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Chollerton is a village in Northumberland, England, on the A6079 road about six miles (10 km) to the north of Hexham, on the River North Tyne. Nearby villages include Low Brunton and Humshaugh. The village has a fine example of a mounting block standing at the churchyard gate.
The church, built around the 12th century from local stone quarried from nearby, is dedicated to Saint Giles, and is noteworthy for the four large Roman columns built into its south aisle. These are believed to have been brought from the Roman fort of Chesters a couple of miles downstream.
Chollerton is also a registration sub-district in Northumberland; its population in 1851 was 5024 people.
The etymology of the name Chollerton is uncertain; possibly it is from the Old English "Ceolferth's tun" but more likely it meant "tun by Ceolan ford or Ceolford", if so "Ceolford" meant "Ceola's ford" (i.e. modern Chollerford).
Chollerton was served by Chollerton railway station on the Border Counties Railway which linked the Newcastle and Carlisle Railway, near Hexham, with the Border Union Railway at Riccarton Junction in Scotland. The first section of the route was opened between Hexham and Chollerford in 1858, the remainder opening in 1862. The line was closed to passengers by British Railways in 1956.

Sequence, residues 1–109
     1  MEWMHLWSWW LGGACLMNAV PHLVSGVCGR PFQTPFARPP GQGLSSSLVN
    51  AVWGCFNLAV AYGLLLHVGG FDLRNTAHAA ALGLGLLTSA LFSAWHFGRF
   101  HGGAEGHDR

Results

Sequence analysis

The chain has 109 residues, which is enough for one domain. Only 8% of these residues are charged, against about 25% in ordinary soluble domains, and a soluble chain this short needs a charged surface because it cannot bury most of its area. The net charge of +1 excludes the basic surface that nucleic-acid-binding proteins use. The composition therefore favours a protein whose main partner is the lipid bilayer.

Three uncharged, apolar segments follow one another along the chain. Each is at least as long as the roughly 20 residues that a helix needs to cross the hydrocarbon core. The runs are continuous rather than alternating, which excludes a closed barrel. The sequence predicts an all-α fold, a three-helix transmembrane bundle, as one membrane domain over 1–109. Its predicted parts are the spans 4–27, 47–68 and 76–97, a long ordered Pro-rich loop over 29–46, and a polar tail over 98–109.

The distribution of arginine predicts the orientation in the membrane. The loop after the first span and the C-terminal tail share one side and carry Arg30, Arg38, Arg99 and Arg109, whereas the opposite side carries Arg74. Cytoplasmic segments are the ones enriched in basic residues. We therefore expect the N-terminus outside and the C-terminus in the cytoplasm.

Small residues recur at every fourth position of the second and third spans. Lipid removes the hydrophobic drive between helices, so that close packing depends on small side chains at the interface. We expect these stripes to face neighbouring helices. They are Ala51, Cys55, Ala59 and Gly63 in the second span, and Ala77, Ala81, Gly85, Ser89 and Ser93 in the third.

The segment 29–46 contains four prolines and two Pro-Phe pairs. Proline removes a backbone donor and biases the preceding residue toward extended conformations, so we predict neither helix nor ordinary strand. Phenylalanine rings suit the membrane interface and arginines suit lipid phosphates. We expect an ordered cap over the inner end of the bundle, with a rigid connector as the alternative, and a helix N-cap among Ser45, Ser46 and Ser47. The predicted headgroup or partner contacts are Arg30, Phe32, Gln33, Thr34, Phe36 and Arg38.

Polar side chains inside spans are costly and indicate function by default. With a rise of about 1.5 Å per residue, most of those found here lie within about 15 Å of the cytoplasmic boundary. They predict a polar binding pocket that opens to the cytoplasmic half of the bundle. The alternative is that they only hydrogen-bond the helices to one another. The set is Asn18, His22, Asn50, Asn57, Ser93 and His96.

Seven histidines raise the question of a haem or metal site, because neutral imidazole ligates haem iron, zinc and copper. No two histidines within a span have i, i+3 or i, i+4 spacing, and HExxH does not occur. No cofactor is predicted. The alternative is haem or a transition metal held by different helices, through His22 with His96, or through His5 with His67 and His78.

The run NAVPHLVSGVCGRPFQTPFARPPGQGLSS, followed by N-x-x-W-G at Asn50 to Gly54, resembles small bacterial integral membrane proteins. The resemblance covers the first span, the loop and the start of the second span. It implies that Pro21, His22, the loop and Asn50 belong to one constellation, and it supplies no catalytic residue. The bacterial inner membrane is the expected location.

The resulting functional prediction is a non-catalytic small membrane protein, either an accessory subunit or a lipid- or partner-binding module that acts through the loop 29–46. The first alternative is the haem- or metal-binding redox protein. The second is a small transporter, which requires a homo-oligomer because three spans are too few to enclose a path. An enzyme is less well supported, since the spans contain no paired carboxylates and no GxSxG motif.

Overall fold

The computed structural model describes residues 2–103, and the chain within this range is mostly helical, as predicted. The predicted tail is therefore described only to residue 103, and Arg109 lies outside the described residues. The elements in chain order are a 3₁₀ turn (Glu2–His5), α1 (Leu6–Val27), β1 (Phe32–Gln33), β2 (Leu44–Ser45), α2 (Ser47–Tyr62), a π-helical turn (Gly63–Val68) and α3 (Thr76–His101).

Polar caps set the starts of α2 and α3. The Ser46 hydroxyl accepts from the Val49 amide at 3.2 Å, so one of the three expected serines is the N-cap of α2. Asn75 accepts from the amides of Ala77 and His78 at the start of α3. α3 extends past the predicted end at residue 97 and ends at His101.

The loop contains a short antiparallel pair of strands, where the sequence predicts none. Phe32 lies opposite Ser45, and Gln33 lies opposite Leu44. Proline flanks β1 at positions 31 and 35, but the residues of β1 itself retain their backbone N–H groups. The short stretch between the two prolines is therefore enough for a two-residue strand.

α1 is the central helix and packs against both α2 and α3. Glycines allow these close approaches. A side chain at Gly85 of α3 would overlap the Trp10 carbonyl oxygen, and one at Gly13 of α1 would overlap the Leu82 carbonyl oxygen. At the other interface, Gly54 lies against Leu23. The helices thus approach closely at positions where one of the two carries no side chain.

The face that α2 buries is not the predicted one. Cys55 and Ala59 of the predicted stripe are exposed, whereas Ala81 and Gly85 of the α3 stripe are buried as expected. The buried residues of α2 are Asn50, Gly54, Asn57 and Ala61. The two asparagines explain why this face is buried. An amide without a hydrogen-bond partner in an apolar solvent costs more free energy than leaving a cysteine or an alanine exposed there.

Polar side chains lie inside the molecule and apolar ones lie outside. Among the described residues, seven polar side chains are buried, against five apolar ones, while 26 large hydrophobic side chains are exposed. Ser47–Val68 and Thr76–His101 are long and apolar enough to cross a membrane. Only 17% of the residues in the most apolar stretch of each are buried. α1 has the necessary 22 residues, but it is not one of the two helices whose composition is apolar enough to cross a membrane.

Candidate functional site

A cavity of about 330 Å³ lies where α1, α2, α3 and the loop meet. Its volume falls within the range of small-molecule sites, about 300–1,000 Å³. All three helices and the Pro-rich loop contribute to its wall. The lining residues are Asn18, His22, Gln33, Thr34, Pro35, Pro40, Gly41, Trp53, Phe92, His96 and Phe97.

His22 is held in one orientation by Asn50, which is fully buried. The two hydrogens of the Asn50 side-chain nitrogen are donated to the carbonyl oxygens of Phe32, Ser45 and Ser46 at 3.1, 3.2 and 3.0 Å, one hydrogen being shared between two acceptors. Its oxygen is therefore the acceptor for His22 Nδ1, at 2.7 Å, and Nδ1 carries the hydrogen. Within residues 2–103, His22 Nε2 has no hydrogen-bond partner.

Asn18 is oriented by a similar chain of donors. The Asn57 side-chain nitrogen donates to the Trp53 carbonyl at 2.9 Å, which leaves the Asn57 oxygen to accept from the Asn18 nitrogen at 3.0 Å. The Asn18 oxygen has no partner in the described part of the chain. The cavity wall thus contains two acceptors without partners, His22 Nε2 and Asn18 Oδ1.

The station still stands and is now in use as a private house. Also still standing is a small viaduct over the road into the village.
A mile to the south-east, Cocklaw Tower is a ruined late 14th or early 15th-century tower house.
- "Parish population 2011". Retrieved 29 June 2015.
- Book of the British Countryside. London: Drive Publications, (1973). p. 302.
- A Vision of Britain Through Time
- Ekwall, E. (1940) The Concise Dictionary of English Place-names; 2nd ed. Oxford: Clarendon Press; p. 101
- "Chollerton" is also an older form of Chorlton, Manchester.
- "Cocklaw Tower". Pastscape. Retrieved 14 June 2011.
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- GENUKI (accessed: 12 November 2008)